Known for savvy buys, Broadcom’s rogue CEO baffles Wall Street with a $19B deal

After making a failed $117B bid for Qualcomm, Broadcom CEO Hock Tan is setting his sights on software with a controversial $19B buy.

Silicon Valley-based chipmaker Broadcom just bought seemingly unrelated New York software company CA Technologies for $18.9B, paying 20% more than the company’s stock value. 

Known for savvy buys, Broadcom’s rogue CEO baffles Wall Street with a $19B deal

Confused by the purchase, investors sent Broadcom’s stock plummeting 19%

But, Broadcom CEO Hock Tan has a cult following thanks to his track record of successful and unexpected acquisitions, leading many to wonder: What’s Hock hiding up his sleeve? 

Broadcom has boomed in the last decade

From 2009 to 2017, Broadcom’s share price increased 14x and the company became the largest player in the $400B chip market.

Within that time period, Broadcom’s revenue increased 49% annually — giving the company plenty of cash to pursue an aggressive expansion policy under the Hock-like supervision of its CEO.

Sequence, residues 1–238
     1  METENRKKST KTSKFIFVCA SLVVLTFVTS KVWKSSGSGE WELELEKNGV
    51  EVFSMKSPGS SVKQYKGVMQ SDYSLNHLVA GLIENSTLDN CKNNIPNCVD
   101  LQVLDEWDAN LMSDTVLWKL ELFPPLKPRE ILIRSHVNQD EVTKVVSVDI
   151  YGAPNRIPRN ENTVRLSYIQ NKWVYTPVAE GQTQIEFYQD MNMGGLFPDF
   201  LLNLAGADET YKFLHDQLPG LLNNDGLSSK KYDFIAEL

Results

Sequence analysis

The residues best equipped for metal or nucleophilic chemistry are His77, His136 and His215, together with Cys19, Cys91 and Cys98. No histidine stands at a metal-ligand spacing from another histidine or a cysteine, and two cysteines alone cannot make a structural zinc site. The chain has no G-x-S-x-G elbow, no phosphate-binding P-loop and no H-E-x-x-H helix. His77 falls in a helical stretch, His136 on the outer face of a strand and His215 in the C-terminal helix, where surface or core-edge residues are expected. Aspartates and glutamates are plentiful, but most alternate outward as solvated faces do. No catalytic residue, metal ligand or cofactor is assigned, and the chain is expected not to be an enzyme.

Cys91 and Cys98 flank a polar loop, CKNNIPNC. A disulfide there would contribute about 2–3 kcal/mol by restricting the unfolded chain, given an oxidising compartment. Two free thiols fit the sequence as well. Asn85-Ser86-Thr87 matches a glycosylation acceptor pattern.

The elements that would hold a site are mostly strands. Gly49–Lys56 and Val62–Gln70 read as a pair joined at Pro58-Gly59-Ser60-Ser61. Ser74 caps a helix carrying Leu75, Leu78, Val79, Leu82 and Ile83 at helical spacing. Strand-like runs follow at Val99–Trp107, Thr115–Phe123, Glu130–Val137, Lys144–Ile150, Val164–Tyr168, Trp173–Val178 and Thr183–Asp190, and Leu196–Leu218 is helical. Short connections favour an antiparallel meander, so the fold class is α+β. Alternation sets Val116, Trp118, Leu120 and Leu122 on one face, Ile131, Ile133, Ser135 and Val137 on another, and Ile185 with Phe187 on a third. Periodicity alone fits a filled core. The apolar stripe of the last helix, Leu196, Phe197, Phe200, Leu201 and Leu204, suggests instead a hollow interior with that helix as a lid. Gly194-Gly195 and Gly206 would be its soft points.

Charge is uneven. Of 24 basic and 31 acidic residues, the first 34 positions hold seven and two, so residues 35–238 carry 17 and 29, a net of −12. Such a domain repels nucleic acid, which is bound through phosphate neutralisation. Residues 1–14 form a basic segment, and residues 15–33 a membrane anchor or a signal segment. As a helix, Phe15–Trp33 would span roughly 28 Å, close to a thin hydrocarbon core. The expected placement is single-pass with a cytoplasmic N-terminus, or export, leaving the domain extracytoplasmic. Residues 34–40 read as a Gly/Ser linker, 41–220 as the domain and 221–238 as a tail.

“In Hock we trust”

Broadcom owes its remarkable growth to Hock Tan, a Malaysian immigrant who earned scholarships to MIT and Harvard Business School before building a global computer hardware empire. 

Tan increased Broadcom’s revenue by purchasing smaller businesses, stripping them down to their highest-performing units, and incorporating them into the company. With this acquisition strategy, Tan managed to increase Broadcom’s profit margins by more than 20 percentage points.

Hock’s past success has earned him a fan club of financial analysts that say things like “In Hock We Trust” and “it’s hard to bet against this guy.”

But not everyone agrees that Hock rocks 

After President Trump blocked Broadcom’s $117B hostile bid for Qualcomm earlier this year, Hock decided to invest in a software company to avoid the harsh light of antitrust scrutiny.

But this time, investors are skeptical the Hock-star could replicate his semiconductor success, driving Broadcom’s market cap down as much as $14.5B.

But Hock isn’t worried. He told reporters that this purchase would be the first “building block” of many acquisitions to come.

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